We can now understand what ‘Worse is Better’ really means (if you read Richard Gabriel original article, that’s not his interpretation, but it is mine). It means that ‘what seems worse from one perspective might be better from another, while The Right Thing might be… wrong’.

Now, certainly, one can do bad tradeoffs “in the name of tradeoffs”. Maybe worse was really worse after all. The key lesson here is to not get caught in “obviously correct” points of view. The “obviously correct” point of view can seduce us with a consistent and clear explanation of why X is better than Y, but could also be ignoring a lot of other facets that could also be important to take into account.

Conclusion

So, I haven’t really told you what quality is, right? I couldn’t if I wanted to… at least not in a short blog post. Quality is a fractal, many facets that when looking closer reveal more aspects to be taken care of.

So, for example, we want code to be maintainable. When we look into what makes code ‘maintainable’, we find more ‘facets of quality’: has good expressive names, logic is encapsulated and isn’t duplicated, state mutations are easy to track, objects and modules have uncluttered interfaces, code is easy to navigate with the aide of an IDE, entities are reified, we have good overview documentation of the system, non obvious segments of the code have in-place comments, logging allows you to trace activity and find the root cause of bugs, etc. And each one of these aspects, in turn, matter more or less to different people, accustomed to work with different flows, different tools, different mindsets. And in code bases where the code isn’t perfect and people are often running against the clock and the budget, tradeoffs in quality are often made (good tradeoffs? bad tradeoffs?). For some people, “quality” will be finishing the project in budget.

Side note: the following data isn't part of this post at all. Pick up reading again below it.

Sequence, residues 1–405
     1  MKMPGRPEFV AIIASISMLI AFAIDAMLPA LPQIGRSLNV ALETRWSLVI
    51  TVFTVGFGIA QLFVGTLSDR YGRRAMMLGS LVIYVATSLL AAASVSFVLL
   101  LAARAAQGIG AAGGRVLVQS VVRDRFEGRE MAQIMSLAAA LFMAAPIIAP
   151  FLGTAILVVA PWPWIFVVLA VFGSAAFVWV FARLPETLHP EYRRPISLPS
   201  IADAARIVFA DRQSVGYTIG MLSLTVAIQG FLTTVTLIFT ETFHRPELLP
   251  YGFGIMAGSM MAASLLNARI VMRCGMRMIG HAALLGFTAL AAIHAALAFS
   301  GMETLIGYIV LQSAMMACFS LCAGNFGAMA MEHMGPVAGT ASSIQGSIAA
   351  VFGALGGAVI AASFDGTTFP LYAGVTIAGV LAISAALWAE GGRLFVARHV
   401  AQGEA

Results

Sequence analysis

In summary, we can achieve quality when we admit is not an easy thing to achieve and we probably don’t know what it is or how to achieve it. To fully know what quality is and what makes it, we would have to be omniscient and know every little detail of every interaction (and what drives those interactions) each human (user, developer, ops, customer, etc) has or can have with the software. Quality must remain ‘open’ for us in order to truly get it.

What does ‘open’ mean? Nothing more than this: Acknowledging that our understanding of what quality is, is incomplete. Only by accepting this, then we can have an honest conversation about what is good and bad for each one of the stakeholders, what are the constraints and the tradeoffs we’re willing to make, and make plans for achieving it.